1967 - The Lubavitcher Rebbe & The Six Day War
As Told To Rabbi Aharon Dov Halperin
Editor of Kfar Chabad Magazine

By: Yosef Ben-Eliezer

    I met the Rebbe the first time a month before my bar mitzvah. My grandfather, of blessed memory, a second generation American, was one of the few to preserve his family’s Chassidic traditions in the years when America s nickname was a land that devours its inhabitants, so-called because of the difficulties Jewish immigrants faced in keeping alive their rich spiritual legacy from Europe.

    My father and mother were not as observant, though they sent me to shul in Manhattan’s Lower East Side every Shabbos with my grandfather. I studied Jewish subjects three times a week with my grandfather after public school, and it would be fair to say that those hours of learning, the walks to shul, and just being in my grandfather‘s presence, were instrumental in sustaining my Judaism during my early adventures.

    In 1954, before my bar mitzvah, my grandfather took me to receive a blessing from the Rebbe of Boyan and the Lubavitcher Rebbe. I remember my surprise at the Rebbe’s youthful appearance; my childhood image of a “Rebbe” was a Jew with a long white beard.

    My grandfather gave the Rebbe a note and, after reading it, the Rebbe spoke with him in Yiddish, a language I knew only bits and pieces of. Minutes later the Rebbe turned to me and asked in English what my favorite sport was. Surprised to hear such a question, I answered at once: Baseball.

    “Which way,” he asked, “do you like this game? When two sides are playing, or only one?
I endeavored to teach the Rebbe the ABC’s of baseball: “Rabbi, it’s impossible to play baseball with only one Side.

    “Why?” he asked.

    My patience faltered; how would I explain what even a child knows? Nevertheless, I tried: “Rabbi,” I said delicately, the whole point is to win; there must be two sides. “When the Rebbe understood I sighed in relief.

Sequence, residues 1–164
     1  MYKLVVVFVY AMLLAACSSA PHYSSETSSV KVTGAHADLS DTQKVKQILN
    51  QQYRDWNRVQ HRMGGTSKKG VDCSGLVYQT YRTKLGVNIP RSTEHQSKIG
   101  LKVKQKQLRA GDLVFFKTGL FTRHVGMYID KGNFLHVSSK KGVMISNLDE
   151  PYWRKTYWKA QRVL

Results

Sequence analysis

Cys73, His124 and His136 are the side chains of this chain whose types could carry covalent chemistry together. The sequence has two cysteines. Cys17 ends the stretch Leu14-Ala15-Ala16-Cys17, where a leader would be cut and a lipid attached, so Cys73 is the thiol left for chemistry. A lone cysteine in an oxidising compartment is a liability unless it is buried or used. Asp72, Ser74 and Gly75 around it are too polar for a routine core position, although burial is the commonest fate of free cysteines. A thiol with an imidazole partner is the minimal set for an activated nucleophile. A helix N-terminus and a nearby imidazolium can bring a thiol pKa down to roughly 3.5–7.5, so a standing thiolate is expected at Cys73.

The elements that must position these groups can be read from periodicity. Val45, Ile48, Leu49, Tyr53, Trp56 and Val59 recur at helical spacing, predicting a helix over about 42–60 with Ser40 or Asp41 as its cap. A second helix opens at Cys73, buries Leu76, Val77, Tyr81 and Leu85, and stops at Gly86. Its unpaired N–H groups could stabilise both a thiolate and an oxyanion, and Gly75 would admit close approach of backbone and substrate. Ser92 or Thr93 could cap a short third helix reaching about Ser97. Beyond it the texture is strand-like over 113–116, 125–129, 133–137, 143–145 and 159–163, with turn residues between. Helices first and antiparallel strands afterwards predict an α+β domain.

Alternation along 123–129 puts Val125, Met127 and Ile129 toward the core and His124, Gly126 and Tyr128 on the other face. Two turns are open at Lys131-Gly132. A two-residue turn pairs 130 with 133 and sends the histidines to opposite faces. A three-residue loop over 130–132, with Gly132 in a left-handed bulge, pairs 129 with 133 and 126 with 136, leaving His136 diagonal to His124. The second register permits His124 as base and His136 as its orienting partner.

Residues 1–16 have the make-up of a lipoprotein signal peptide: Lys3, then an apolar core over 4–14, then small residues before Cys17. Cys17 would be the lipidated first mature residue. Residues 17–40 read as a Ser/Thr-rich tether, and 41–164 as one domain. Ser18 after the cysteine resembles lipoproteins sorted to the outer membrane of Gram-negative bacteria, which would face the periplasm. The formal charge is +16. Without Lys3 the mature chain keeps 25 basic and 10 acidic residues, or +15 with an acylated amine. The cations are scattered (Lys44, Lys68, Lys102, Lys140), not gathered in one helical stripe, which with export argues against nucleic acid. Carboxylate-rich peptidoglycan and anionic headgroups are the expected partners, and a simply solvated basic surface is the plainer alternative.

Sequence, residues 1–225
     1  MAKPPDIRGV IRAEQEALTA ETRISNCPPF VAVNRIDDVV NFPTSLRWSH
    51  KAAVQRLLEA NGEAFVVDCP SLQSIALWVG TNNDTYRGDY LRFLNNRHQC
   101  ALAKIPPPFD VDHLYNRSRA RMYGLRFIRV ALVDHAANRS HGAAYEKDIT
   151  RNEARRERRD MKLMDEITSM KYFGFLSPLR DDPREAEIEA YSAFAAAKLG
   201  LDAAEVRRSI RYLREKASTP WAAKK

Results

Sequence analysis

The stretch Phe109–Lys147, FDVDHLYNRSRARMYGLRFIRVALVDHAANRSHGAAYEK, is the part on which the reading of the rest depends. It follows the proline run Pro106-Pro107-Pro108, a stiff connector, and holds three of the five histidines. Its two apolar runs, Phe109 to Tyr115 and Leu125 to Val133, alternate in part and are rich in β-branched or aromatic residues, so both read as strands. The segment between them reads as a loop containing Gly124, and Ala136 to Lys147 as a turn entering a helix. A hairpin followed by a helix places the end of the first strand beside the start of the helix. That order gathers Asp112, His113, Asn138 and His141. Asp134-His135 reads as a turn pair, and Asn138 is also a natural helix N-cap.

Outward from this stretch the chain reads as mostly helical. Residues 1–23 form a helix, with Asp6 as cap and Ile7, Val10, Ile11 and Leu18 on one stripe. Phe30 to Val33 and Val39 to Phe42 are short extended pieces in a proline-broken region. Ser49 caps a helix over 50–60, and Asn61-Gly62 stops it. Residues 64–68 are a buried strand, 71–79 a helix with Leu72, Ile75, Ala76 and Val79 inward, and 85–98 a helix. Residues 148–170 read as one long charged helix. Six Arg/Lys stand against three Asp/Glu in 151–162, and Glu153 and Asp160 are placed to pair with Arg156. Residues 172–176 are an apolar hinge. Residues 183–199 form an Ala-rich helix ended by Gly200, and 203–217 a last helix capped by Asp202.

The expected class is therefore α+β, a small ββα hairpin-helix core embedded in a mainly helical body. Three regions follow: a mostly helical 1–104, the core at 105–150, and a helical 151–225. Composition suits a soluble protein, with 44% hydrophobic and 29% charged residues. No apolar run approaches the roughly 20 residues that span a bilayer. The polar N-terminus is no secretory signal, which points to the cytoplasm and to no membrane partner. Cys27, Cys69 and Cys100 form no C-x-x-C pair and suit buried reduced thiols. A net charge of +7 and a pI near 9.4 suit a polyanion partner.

“Generally speaking, who is the winner?”
“The one who plays better,” I answered, pleased with my brilliant spontaneity.

    I have no clue what my grandfather was thinking during this exchange. At any rate, the Rebbe didn’t seem to notice him, but continued instead with baseball. “Tell me, do you occasionally play baseball with your friends?”

    “For sure,” I answered, ready for the opportunity to extol my playing skills.
Do you ever go to see major league baseball?”
“Sure!” I answered with not a little pride.
“But why aren’t your own games with your schoolmates enough?
“Rabbi,” I replied, exercising my finest social graces, “when we play it’s only children playing; in the big leagues it’s real!

    Had I thought until then that this youthful Rebbe was truly concerned with baseball; I was to be sorely disappointed.

    “Yosef,” the Rebbe said, breaking into a smile, “you have a large baseball diamond in your heart. Until now there have been two players: your yetzer tov, the ‘good inclination,’ and your yetzer hara, our ‘evil inclination.’ But that was a children s game.

    From today on, though, from your bar mitzvah, it will be a real game, and therefore you will receive from G-d the most precious of gifts: a true yetzer tov, with unique powers from G-d. You must take care from now on to always win against the yetzer hara, and remember: Just as in baseball, the best player wins. When you really want to, you can always be victorious."

    “I give you my blessing,” the Rebbe concluded, “for your grandfather and your parents to always receive much nachas, pleasure, from you.” My grandfather, radiant, answered “Amen” in a powerful voice and signaled me to do the same.

    I imagine one would have to be a psychologist to measure the depths to which the things a thirteen-year-old hears become engraved in his soul and fixed in his consciousness. Whatever. I cannot pretend that the Rebbe’s comments about baseball and rival inclinations assumed any particular significance at the time.

    At the bar mitzvah celebration my grandfather repeated the Rebbe’s words, and I had warm memories of my meeting, but little beyond that.

    Subliminally though, his words had penetrated far beyond measure, and as the years progressed, in high school and university they put forth blossoms on two occasions. In one of them, a critical decision was in the balance, so much so, that looking back I can only wonder if the Rebbe’s “baseball talk” wasn’t intended for that remote episode when my Jewishness was at stake.
I remember both events vividly; in each of them the sudden memory of the Rebbe’s words led me to decide the way I decided. Of no less interest and charm, perhaps, is their direct connection to baseball.